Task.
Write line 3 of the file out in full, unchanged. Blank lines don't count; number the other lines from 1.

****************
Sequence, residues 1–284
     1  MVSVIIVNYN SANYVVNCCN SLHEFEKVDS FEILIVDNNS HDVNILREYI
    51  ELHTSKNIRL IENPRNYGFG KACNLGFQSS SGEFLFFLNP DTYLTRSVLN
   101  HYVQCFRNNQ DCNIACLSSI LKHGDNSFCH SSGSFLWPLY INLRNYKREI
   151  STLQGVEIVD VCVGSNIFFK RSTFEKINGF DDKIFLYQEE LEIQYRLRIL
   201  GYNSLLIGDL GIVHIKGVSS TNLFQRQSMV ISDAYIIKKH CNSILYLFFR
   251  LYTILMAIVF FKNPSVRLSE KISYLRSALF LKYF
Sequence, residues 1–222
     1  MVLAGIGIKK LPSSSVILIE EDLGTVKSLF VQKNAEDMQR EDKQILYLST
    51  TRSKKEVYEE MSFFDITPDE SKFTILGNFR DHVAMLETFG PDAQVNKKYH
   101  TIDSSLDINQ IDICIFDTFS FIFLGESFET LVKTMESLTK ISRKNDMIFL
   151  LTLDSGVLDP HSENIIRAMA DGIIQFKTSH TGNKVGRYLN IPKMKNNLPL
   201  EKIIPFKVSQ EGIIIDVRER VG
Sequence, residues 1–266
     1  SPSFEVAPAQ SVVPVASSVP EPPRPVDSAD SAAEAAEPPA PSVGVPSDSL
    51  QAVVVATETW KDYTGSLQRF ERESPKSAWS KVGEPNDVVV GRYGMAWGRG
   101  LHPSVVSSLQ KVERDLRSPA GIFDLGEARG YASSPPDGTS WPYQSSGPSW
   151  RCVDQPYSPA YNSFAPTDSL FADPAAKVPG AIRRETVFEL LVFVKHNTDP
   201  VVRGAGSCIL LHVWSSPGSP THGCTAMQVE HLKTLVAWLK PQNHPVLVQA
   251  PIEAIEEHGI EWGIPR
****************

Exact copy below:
    51  ELHTSKNIRL IENPRNYGFG KACNLGFQSS SGEFLFFLNP DTYLTRSVLN